Figure 5-2 shows a typical detection curve, starting near the noise level of −70 dBm and extending up to +20 dBm. It is divided up into the square law, transition and linear regions. (Noise is assumed to be zero to show the square-law curve extends theoretically to infinitely small power.) Detection diodes can now be fabricated which exhibit transfer characteristics that are highly stable with time and temperature. Building on those features, data correction and compensation techniques can take advantage of the entire 90 dB of power detection range.

[ starting near the noise level of −70 dBm: It appears AN 64-1B calculates the noise level (-70dBm) at room temperature given a 24GHz bandwidth: Johnson-Nyquist noise power is P_dBm=10·log((kT·f_bw)/1mW) = 10·log((k·300)/1mJ) + 10·log(24GHz/1Hz) = 173.8 + 10·10.38 = -70dBm; 1mW = 1mJ·1Hz ]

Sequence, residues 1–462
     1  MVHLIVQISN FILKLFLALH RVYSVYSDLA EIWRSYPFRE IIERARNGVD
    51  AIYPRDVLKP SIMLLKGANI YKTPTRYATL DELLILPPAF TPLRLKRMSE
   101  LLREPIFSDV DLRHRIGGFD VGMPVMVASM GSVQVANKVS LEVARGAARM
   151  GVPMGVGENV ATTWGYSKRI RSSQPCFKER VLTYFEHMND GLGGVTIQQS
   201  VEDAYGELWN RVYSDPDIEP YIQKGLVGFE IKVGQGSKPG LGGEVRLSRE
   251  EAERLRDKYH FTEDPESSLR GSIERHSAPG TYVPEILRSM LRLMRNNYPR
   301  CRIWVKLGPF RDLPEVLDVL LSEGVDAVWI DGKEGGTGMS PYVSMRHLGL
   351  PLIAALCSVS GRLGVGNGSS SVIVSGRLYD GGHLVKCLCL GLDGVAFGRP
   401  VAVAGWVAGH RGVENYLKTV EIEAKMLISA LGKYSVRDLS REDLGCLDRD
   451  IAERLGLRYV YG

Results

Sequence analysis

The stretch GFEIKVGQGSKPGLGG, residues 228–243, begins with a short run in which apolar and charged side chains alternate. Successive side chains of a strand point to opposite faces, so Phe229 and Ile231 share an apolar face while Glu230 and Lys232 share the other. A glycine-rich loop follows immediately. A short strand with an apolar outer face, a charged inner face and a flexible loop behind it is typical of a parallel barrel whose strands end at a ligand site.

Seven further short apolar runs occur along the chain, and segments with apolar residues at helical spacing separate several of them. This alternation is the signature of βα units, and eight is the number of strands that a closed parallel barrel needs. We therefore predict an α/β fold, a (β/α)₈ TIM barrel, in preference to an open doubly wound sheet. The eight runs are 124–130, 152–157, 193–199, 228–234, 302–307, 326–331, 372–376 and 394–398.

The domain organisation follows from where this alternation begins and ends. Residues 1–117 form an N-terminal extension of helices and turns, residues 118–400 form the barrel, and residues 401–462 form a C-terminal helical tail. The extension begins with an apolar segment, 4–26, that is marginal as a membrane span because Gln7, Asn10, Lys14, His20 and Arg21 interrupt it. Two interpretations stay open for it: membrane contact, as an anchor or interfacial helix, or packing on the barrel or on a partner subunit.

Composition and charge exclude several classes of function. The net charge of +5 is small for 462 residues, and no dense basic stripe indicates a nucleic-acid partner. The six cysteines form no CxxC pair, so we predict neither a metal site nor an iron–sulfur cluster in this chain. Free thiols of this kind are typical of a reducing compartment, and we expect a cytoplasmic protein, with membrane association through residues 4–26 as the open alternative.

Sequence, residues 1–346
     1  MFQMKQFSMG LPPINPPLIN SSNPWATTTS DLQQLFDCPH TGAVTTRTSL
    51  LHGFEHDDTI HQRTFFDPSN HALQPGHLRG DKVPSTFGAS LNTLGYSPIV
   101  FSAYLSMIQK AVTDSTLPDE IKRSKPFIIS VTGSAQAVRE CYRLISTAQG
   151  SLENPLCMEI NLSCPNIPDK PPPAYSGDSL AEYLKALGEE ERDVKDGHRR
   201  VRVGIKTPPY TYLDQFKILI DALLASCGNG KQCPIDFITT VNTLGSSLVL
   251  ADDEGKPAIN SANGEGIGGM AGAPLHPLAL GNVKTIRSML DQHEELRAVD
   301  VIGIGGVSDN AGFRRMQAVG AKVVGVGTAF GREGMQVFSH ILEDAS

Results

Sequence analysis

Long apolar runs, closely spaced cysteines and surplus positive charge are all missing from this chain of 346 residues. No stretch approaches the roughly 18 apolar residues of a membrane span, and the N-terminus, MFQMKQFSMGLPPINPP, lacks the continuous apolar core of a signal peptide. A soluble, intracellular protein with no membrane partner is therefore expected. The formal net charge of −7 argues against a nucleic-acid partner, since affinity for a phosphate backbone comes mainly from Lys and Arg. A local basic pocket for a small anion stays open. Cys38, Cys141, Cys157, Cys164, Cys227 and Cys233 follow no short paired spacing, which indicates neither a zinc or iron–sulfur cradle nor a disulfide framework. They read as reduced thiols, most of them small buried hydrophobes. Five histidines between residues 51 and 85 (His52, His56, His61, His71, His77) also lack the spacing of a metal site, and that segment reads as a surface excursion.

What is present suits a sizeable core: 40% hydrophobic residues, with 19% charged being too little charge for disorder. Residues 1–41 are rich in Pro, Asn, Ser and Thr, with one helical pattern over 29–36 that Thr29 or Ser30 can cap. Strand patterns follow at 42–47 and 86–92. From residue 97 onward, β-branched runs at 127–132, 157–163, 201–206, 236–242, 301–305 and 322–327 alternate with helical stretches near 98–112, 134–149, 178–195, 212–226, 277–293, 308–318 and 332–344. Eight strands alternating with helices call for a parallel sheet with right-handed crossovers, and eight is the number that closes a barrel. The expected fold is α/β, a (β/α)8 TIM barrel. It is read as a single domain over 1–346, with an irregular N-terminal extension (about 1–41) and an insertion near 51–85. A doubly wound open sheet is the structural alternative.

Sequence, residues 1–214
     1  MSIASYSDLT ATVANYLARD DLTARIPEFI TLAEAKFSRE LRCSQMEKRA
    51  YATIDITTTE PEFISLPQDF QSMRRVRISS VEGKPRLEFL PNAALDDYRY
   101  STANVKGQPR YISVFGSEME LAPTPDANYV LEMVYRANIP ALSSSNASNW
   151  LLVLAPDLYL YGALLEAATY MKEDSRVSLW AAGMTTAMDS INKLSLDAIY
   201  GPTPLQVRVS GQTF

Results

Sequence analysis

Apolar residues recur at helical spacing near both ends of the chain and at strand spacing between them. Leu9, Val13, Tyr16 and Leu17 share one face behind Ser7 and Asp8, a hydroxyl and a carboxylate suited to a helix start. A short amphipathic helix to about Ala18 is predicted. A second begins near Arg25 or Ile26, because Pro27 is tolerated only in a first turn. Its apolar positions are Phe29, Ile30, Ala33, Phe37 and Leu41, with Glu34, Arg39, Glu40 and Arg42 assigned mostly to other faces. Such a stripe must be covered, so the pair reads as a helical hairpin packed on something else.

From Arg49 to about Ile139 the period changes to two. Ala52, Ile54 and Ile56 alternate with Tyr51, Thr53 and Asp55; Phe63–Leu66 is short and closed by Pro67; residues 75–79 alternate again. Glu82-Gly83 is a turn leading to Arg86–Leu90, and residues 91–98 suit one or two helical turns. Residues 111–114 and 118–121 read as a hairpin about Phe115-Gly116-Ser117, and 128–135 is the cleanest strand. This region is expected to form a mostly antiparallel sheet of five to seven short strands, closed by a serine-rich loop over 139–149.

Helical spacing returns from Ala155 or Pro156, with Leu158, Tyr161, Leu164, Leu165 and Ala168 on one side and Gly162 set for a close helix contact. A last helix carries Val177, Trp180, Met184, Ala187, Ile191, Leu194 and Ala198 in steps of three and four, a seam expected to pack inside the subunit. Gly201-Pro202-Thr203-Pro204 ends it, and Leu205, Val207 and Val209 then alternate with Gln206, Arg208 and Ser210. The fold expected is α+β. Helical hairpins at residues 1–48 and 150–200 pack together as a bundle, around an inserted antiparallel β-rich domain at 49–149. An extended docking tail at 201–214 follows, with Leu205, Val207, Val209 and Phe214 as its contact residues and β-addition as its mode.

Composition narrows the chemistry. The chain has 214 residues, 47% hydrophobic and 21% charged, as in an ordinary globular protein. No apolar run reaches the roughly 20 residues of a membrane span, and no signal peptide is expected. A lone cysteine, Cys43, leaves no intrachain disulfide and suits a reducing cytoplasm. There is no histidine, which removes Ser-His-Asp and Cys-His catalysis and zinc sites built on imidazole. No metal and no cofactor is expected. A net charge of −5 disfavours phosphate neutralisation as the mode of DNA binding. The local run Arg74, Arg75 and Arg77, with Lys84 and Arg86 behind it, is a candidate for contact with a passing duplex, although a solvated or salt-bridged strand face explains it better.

Low-barrier Schottky diodes does have the transition and linear detection characteristic ranges at large signal levels, but this wide square law detection range make them especially fit for use in RF detection circuits. The wide square-law power detection range of 50dB (from -70dB to -20dB) may explain why presently application notes omit the discussion of linear detection range appearing at larger input power levels (above 0dB). Notice that an RF detector can operate even in a linear detection range, using 'data correction and compensation techniques', which enable us to 'take advantage of the entire 90 dB of power detection range.'


Your Answer

By clicking “Post Your Answer”, you agree to our terms of service and acknowledge that you have read and understand our privacy policy and code of conduct.

Not the answer you're looking for? Browse other questions tagged or ask your own question.